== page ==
The relationship between Eysenckian personality variables and ratings of job performance and promotion potentials of a group of police officers

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dc.contributor.advisor Hayes, Robert E. en_US
dc.contributor.author Dean, David, 1939- en_US
dc.date.accessioned 2011-06-03T19:24:45Z
dc.date.available 2011-06-03T19:24:45Z
dc.date.created 1974 en_US
dc.date.issued 1974
dc.identifier LD2489.Z64 1974 .D42 en_US
dc.identifier.uri http://cardinalscholar.bsu.edu/handle/handle/175801
dc.description.abstract The purpose of this study was to investigate the relationship between Eysenckian personality variables and ratings of job performance and promotion potential of a group of police officers.In order to identify differences in levels of extraversion, neuroticism and intelligence, subjects were evaluated with the Eysenck Personality Inventory (EPI) and the Primary Mental Abilities Test (PMA). The EPI was used to measure differences in extraversion and neuroticism. Two PRA sub-tests, Verbal Meaning and Number Facility, were administered to each subject under both "unstressed" and "stressed" conditions. This test-retest procedure was devised to assess problem-solving abilities under varying conditions of stress and motivation.The subjects for this study were drawn from an East-Central Indiana city police department. Thirty-three patrolmen volunteered to Participate in the study. These men were members of a 50 man group which had been designated as (1) having two or more years experience with their department and (2) were currently working in positions requiring the wearing of a standard police uniform. The subjects ranged in age from 2L to 64 with a mean age of 32.9 years.Data for each subject submitted for statistical treatment included extraversion and neuroticism as measured by the EPI. Four experimental cognitive variables derived from comparisons between "unstressed" and stressed" test performance on two PMA sub-tests were also submitted. These "Stress Gain" scores represented the increase in level of difficulty attained, and the increase in speed of solution, resulting from increased stress and motivation. Two other experimental variables, "Stressed Raw Scores", were used to represent the level of difficulty attained on both PMA sub-tests under stressful test conditions. Composite standardized ratings of job performance and promotion potential obtained from three senior supervisors' ratings were also submitted for statistical analysis.Statistical treatment to ascertain the relationship between the Eysenckian variables and ratings of job performance and promotion potential included the calculation of: (1) correlation coefficients by the product-moment method for ungrouped data and (2) Fisher Z transformations for testing the significance of the computed product-moment correlations. An adjusted reliability index was derived for the job performance and promotion potential ratings through a one-way analysis of variance.Sixteen research hypotheses were formulated and tested in the study. The degree of significance necessary to reject the null hypotheses that Eysenckian personality variables were uncorrelated with ratings of job performance and promotion potential was set at the .05 level. In order to attain a practical significance a correlation of +.40 was required.The group means obtained on the EPI were 11.8 for extraversion (SD=3.5) and 7.9 for neuroticism (SD=4.5). This mean neuroticism score represents a lower mean level of neuroticism for a group than any other group reported in the EPI manual. These scores placed the sample group in the "stable introvert" quadrant of Eysenck's categorical framework.Product-moment correlations between the Eysenckian variables and job performance ratings ranged from -0.222 to 0.0575, and correlations between the Eysenckian variables and ratings of promotion potential ranged from -0.273 to 0.217. These coefficients were all found to be statistically insignificant.The adjusted reliability indices of .72 for job performance ratings and .56 for promotion potential ratings indicated that the ratings used for the study lacked adequate reliability. Analysis of the means and standard deviations of the ratings suggested that errors of leniency and central tendency had occurred.Further analysis of data revealed a coefficient of 0.29 (p<.05) existed between extraversion and Stress-Gain Time (Verbal), and a coefficient of -0.33 (p<.05) between neuroticism and Stressed Raw Verbal Scores.While it was found that there is no support for a relationship between Eysenckian personality variables and rated performance and promotion potential within the group studied, it was suggested that the dimensions of extraversion and neuroticism can interact with intelligence to effect problem-solving behavior. Recommendations for further research were made. en_US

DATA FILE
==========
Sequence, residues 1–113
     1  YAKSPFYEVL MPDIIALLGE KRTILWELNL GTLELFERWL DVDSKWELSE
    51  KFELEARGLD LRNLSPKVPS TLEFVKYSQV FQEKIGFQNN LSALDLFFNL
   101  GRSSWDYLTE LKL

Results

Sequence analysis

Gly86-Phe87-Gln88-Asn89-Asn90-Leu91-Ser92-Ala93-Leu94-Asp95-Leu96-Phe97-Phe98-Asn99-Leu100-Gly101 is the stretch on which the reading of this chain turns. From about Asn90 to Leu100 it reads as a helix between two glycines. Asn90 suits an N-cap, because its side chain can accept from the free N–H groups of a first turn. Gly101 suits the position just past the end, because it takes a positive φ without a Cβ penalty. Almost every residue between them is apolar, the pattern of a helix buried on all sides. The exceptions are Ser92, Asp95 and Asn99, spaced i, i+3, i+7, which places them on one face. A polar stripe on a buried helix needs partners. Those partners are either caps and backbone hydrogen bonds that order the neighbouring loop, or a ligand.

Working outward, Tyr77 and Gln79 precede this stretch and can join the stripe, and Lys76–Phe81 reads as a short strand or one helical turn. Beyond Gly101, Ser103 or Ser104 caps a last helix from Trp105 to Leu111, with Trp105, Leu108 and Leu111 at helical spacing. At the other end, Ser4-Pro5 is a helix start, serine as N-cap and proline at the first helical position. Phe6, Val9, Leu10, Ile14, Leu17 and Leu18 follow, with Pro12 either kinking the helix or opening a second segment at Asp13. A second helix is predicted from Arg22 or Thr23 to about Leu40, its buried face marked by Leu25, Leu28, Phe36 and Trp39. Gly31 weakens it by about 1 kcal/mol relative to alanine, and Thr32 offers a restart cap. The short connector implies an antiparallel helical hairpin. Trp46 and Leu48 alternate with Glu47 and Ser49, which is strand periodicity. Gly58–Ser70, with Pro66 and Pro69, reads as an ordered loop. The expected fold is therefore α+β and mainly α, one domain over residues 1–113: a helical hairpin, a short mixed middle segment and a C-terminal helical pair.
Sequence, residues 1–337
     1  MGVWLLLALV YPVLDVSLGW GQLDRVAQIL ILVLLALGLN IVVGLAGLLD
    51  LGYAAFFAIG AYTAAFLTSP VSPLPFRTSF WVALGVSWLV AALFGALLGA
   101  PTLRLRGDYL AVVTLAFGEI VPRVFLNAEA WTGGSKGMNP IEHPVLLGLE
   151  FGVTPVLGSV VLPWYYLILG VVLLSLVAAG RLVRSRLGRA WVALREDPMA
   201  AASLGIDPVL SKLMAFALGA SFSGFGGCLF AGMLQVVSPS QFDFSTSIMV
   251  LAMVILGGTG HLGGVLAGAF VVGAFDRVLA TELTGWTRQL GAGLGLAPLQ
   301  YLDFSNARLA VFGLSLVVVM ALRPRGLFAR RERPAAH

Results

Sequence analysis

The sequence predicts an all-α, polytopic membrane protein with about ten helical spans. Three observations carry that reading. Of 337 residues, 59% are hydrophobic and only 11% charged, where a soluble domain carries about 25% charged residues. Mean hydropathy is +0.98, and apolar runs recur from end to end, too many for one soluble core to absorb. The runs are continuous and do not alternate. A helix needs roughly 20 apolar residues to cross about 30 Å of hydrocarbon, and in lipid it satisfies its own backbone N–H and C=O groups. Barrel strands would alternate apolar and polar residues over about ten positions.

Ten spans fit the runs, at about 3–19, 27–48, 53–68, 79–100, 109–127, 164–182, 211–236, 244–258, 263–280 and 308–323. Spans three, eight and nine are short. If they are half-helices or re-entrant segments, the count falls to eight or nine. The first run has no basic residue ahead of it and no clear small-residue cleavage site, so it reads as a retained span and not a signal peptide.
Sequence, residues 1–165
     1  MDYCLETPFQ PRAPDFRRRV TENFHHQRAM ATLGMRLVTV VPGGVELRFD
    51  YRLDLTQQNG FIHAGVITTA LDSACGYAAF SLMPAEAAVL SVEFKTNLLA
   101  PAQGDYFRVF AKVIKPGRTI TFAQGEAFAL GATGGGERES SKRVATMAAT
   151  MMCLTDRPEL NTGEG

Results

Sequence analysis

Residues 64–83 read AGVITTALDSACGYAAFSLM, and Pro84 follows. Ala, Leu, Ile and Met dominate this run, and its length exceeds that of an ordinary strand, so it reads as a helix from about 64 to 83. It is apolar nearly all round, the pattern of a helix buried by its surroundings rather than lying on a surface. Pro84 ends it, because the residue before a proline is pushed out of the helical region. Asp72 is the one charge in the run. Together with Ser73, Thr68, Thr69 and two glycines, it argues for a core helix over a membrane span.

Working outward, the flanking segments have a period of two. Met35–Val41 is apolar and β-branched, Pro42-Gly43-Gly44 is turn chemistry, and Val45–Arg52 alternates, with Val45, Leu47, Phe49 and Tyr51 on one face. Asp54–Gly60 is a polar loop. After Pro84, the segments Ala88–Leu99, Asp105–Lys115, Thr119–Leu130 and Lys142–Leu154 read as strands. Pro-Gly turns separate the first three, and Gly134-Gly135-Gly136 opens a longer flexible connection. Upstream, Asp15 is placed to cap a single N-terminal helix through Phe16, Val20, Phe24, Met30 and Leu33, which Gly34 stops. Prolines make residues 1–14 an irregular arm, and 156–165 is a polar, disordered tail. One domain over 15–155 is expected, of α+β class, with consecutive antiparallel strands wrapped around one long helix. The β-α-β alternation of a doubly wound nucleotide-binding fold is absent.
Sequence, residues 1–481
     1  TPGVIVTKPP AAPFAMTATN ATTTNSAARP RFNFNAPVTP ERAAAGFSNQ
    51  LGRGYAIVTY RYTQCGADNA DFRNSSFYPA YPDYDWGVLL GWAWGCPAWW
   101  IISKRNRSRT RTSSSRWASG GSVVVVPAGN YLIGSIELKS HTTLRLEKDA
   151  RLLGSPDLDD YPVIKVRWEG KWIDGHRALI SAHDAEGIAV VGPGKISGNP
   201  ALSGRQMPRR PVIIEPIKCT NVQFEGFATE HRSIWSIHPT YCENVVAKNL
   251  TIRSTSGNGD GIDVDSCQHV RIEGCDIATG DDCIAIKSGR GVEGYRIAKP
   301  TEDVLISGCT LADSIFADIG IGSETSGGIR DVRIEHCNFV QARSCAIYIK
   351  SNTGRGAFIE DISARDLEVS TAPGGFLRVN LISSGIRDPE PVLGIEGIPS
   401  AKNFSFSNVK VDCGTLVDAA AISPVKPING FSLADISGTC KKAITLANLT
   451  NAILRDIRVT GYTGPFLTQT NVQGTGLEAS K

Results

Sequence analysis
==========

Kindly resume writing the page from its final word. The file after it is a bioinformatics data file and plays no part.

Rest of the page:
dc.format.extent 106 leaves ; 28 cm. en_US
dc.source Virtual Press en_US
dc.subject.lcsh Maudsley personality inventory. en_US
dc.subject.lcsh Police. en_US
dc.subject.lcsh Personality assessment. en_US
dc.title The relationship between Eysenckian personality variables and ratings of job performance and promotion potentials of a group of police officers en_US
dc.description.degree Thesis (D. Ed) en_US
dc.identifier.cardcat-url http://liblink.bsu.edu/catkey/414515 en_US


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  • Doctoral Dissertations [3121]
    Doctoral dissertations submitted to the Graduate School by Ball State University doctoral candidates in partial fulfillment of degree requirements.

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